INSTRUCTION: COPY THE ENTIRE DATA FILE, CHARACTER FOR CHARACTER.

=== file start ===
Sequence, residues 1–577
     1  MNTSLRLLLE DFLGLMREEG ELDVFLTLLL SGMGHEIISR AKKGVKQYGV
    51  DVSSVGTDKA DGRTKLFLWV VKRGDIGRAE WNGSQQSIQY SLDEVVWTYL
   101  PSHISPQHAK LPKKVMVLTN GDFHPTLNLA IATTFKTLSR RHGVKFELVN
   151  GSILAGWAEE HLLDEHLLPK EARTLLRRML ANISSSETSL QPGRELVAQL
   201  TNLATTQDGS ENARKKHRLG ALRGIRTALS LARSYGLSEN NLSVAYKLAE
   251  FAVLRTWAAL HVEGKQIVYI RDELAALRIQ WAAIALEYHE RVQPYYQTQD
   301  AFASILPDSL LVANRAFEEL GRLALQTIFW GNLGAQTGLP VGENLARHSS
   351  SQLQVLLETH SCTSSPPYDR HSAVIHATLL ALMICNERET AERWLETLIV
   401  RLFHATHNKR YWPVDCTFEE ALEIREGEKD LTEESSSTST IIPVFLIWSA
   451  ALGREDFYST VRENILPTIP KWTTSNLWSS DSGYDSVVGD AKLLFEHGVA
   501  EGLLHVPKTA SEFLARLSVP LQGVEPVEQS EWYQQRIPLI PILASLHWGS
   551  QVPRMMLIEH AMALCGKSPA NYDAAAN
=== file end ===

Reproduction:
Sequence, residues 1–577
     1  MNTSLRLLLE DFLGLMREEG ELDVFLTLLL SGMGHEIISR AKKGVKQYGV
    51  DVSSVGTDKA DGRTKLFLWV VKRGDIGRAE WNGSQQSIQY SLDEVVWTYL
   101  PSHISPQHAK LPKKVMVLTN GDFHPTLNLA IATTFKTLSR RHGVKFELVN
   151  GSILAGWAEE HLLDEHLLPK EARTLLRRML ANISSSETSL QPGRELVAQL
   201  TNLATTQDGS ENARKKHRLG ALRGIRTALS LARSYGLSEN NLSVAYKLAE
   251  FAVLRTWAAL HVEGKQIVYI RDELAALRIQ WAAIALEYHE RVQPYYQTQD
   301  AFASILPDSL LVANRAFEEL GRLALQTIFW GNLGAQTGLP VGENLARHSS
   351  SQLQVLLETH SCTSSPPYDR HSAVIHATLL ALMICNERET AERWLETLIV
   401  RLFHATHNKR YWPVDCTFEE ALEIREGEKD LTEESSSTST IIPVFLIWSA
   451  ALGREDFYST VRENILPTIP KWTTSNLWSS DSGYDSVVGD AKLLFEHGVA
   501  EGLLHVPKTA SEFLARLSVP LQGVEPVEQS EWYQQRIPLI PILASLHWGS
   551  QVPRMMLIEH AMALCGKSPA NYDAAAN